However, despite what we were told for ages in medical school and residency, these patients can be very dangerous. I personally know a nurse who was nearly choked to death by a psychotic patient. This was not a ‘one off.’ It happens a lot.

We need a return to the honest-to-goodness psychiatric/state hospital where the psychotic could go for evaluation and, well, sometimes just to live in safety. Safety for them and safety for the populace. When I was growing up in Huntington, WV, we had the Huntington State Hospital. The mentally ill might walk around town, but they had a place to go back to.

This isn’t cruel, it’s actually compassionate all around and if you ask anyone else struggling with this issue in the ER, they’ll mostly agree.

The whole psychosis issue is made more complicated by the nearly ubiquitous use of marijuana which, as we are seeing more and more, causes psychosis.

Here’s a little fact sheet on the issue from those crazy right wing fun-deniers at Yale:

In fact, our patients don’t even consider marijuana a drug.

‘Do you use any street drugs?’

‘Nope, none.’


‘Well, yeah, I do that daily. But not drugs.’


The methamphetamine crisis adds gasoline to the fire as well. Our patients on Meth are frantic, agitated, aggressive, hallucinating, delusional and paranoid. They are difficult to restrain or medicate. As such, they are dangerous; to themselves and to the staff. And when restrained or medicated improperly they can experience cardiac arrest, seizures, muscle damage (called rhabdomyolysis) with kidney failure and other dangerous complications of their drug use. (Ditto cocaine, but where I work it is less of an issue than meth.)

I have a personal pet theory that the confluence of cannabis and methamphetamine really escalates agitation and psychosis. And they are often found together. But what do I know?

So hospitals are ‘hamstrung’ in some very real ways. The issue of restraining dangerous patients (physically or chemically) is the stuff of legions of committees and meetings. (Often run by people not dealing with violent patients.) And in my experience, the policy sometimes sounds like this:

‘Don’t restrain people, but if you do, don’t hurt them. But also, don’t do it. But don’t let them leave. And try not to hold them against their will. Thank you for your hard work making our hospital a center of excellence!’

Security staff can be so heavily lectured and warned that they simply won’t touch violent patients. (And sometimes for good reason as the security officer may be a fairly unhealthy senior citizens who could be badly hurt in an altercation.)

I have seen off-duty police officers employed by hospitals. I’ve also seen police substations located in emergency departments. This seems to work well, not only because they are trained and equipped to handle these folks but they also have power of arrest and can be available much faster than they would from a frantic 911 call. (And because those with outstanding warrants seem to quietly slip away, or at least not cause any problems.)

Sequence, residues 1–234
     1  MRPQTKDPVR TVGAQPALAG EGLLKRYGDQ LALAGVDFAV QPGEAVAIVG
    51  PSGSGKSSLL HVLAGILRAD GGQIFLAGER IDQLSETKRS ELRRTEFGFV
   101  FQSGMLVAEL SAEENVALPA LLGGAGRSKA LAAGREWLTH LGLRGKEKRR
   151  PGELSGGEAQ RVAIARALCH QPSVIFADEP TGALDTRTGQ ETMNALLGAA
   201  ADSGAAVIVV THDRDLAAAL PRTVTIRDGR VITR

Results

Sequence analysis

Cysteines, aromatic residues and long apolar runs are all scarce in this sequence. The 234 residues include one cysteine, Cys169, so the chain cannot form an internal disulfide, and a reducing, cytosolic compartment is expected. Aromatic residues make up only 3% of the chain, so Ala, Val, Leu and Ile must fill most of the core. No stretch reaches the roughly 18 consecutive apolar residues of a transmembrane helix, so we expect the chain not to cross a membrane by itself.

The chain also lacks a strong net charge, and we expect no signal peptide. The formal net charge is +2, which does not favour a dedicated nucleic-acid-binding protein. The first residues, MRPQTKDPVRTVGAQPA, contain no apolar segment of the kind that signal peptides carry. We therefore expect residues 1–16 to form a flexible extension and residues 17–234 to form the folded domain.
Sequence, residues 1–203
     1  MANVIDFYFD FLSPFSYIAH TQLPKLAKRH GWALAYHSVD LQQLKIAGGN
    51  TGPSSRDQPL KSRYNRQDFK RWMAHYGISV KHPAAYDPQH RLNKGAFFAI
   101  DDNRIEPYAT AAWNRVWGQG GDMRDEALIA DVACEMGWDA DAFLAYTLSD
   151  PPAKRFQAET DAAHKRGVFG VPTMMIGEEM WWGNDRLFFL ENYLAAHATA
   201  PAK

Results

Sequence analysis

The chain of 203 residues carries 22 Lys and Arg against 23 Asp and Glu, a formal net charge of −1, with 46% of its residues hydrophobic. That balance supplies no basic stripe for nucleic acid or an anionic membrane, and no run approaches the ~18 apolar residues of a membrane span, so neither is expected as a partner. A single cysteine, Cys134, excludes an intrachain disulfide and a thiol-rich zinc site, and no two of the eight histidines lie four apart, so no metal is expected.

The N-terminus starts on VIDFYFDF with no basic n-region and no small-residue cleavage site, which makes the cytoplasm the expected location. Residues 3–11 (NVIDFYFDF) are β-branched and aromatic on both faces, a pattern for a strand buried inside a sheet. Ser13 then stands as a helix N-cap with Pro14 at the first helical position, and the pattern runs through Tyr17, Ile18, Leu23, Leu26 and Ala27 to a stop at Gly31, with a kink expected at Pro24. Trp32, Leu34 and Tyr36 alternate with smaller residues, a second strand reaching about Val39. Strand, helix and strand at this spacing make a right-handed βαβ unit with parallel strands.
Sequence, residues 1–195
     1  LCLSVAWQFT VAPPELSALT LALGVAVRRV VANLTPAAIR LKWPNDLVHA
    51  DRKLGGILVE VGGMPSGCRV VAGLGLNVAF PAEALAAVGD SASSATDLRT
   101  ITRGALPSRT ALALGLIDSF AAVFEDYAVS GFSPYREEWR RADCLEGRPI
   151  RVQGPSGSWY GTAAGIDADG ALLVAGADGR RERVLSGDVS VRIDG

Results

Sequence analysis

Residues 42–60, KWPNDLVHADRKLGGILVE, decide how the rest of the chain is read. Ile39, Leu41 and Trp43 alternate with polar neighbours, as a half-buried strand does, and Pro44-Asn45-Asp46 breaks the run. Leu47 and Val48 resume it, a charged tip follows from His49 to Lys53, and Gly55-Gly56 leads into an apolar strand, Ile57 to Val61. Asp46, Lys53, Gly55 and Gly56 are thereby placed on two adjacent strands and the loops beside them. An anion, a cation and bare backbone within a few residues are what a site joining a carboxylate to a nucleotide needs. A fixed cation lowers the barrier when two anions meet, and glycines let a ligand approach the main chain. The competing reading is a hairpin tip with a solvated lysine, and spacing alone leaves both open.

The issue of violence in the hospital ER is much bigger than the violence itself. And that’s pretty darn big. The problem is that it injures (or sadly kills) highly trained and valuable professionals. It drives them away from that place where their skills are desperately needed. And it is an intellectual distraction in an already very distracting place.

Certainly, errors happen in hospitals in general, and in the emergency department in particular. The number of errors leading to actual harm has been hotly debated in medical circles, but here’s a recent discussion.,of%20the%20public%20health%20problem.

The hard reality is that it’s actually nothing short of a miracle that more mistakes don’t happen. Hear me out…

When we take the staggering (and also wonderful) complexity of modern healthcare, add in people living longer with more medical problems and medication interactions, don’t add the necessary numbers of physicians and nurses, gut primary care so that people can’t find a family doctor, add the burdensome and user-unfriendly systems of electronic medical records to which physicians are daily chained for data entry, multiply by hospital and governmental requirements for privacy, for proper billing, for public health monitoring, for safety metrics etc., we have the prescription for many errors.

When we then make the hospital feel unsafe due to loud, threatening patients and when we allow it to be unsafe due to inadequate ability to enforce rules on behavior and restrain or arrest those who are dangerous, then it can only be a matter of time until we make the association between the danger of the hospital and increasing rates of bad outcomes.

Physicians and nurses generally aren’t prepared for violent assault. As such, even the threat is a distraction; how much more the actual attack. Small wonder health care professionals are disappearing from negative work environments.

Violence in healthcare is no simple problem and it will have no simple solutions.

But every day at work is a day that a violent act can happen; not just in my places of employment but all across the land.

Pity that a place of healing can so quickly turn into a place of danger.